long, thin, solid, cylindrical pasta

Spaghetti is a long, string-shaped kind of pasta.[1]

Industrial spaghetti

The word spaghetti was first used in 1849 as sparghetti in Eliza Acton's Modern Cookery. It comes from Italian spaghetto, which means "string".[2]

Spaghetti is made from wheat noodles, which are boiled in water for a short time. Spaghetti can either be served as a side dish, or as a main dish. As a main dish, a sauce is added. There are many different kinds of sauces. Simpler ones are made of butter, more complicated ones include tomatos, garlic, olive oil and various other herbs. Different varieties with mussels, fish or meat also exist. Ground Parmesan cheese is often added.

seafood spaghetti dish

In Italy the sauce is usually mixed with the spaghetti while they are being prepared. Usually, spaghetti are eaten only with a fork, or with a fork and a spoon. Sometimes, they are cut with a knife for small children. Many Italians see using a knife to eat spaghetti as bad manners, except to prepare them for small children.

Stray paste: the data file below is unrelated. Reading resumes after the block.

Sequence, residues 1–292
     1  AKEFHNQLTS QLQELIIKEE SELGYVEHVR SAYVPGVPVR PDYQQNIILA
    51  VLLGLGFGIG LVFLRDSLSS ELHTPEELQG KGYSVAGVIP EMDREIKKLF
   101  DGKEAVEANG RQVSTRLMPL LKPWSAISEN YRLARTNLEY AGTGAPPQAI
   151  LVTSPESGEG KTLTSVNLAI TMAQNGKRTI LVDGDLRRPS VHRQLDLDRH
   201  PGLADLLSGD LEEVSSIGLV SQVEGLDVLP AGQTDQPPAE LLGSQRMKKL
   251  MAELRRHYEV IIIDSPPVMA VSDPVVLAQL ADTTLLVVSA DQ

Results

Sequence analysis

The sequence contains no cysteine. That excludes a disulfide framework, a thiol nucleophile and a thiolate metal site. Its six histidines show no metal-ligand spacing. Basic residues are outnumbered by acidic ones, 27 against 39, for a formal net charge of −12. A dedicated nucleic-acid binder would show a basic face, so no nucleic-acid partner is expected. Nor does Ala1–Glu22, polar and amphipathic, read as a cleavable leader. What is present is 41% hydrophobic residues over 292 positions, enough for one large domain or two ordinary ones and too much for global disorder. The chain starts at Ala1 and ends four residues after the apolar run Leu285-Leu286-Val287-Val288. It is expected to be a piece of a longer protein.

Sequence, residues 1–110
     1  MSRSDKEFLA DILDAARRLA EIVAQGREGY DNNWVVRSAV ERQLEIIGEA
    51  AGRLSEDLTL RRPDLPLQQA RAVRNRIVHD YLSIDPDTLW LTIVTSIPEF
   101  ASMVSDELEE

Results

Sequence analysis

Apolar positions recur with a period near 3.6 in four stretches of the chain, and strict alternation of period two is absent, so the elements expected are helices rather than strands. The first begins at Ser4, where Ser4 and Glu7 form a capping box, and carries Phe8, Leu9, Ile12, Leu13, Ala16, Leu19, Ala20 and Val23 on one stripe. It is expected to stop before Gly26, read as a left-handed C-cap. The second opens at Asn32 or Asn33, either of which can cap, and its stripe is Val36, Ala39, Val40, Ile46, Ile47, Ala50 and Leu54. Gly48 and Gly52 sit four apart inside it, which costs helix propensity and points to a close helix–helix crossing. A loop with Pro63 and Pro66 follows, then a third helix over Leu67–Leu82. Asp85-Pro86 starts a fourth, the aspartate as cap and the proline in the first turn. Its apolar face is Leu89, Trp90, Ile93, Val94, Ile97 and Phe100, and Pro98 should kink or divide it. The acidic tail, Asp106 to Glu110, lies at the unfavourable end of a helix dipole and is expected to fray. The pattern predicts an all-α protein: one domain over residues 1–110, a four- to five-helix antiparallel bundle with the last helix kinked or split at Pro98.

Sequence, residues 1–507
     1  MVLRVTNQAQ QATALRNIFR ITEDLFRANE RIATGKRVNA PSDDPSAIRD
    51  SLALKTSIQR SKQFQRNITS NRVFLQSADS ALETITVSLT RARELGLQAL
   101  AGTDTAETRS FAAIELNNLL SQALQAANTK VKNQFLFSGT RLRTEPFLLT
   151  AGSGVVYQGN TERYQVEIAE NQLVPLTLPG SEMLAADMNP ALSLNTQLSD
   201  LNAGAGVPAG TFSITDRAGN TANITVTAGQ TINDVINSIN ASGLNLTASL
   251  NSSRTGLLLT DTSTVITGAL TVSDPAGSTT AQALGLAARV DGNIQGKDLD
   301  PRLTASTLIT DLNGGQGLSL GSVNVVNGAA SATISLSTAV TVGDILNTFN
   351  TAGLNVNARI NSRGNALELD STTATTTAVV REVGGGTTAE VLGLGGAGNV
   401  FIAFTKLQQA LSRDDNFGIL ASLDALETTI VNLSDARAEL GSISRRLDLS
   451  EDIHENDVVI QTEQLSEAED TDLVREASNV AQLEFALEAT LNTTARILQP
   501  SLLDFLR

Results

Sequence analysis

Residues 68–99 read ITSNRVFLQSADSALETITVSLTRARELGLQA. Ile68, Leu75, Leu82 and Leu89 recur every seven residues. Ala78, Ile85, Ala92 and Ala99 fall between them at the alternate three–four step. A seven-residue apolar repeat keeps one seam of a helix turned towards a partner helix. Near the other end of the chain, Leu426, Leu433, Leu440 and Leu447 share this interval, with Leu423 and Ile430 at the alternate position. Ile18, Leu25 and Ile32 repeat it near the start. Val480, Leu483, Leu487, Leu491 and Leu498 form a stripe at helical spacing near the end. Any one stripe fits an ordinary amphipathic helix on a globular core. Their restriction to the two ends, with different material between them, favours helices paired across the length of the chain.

In the United States, there is a kind of spaghetti called "Alvaro's spaghetti" which is served with alfredo sauce. In some countries,like United States or Canada, meatballs are often in the spaghetti sauce.

Cooked spaghetti with tomato sauce.

In China, spaghetti is often made by hand. In Italy, spaghetti is made with a machine so that large amounts can be made quickly. Italy is the biggest producer and consumer of spaghetti in the world.[3]

It is also a popular dish in Libya.[4]

Spaghetti is called by other words when it has a different thickness: "spaghettini (n. 3)", "spaghetti (n. 5)", and "spaghettoni (n. 8)".

Usually, spaghetti leftovers last in a fridge for around 3 to 5 days, while spaghetti in a freezer will last more than one month.[5]

References change

  1. "spaghetti (pasta) -- Britannica Online Encyclopedia". Retrieved 9 July 2010.
  2. "Online Etymology Dictionary". Retrieved 9 July 2010.
  3. Consumer Trends Pasta Market in the EU27[permanent dead link] Agriculture and Agri-Food Canada
  4. "Archived copy". Archived from the original on 2020-08-08. Retrieved 2020-05-01.{{cite web}}: CS1 maint: archived copy as title (link)
  5. "How Long Does Cooked Spaghetti Last in the Fridge or Freezer?".

Other websites change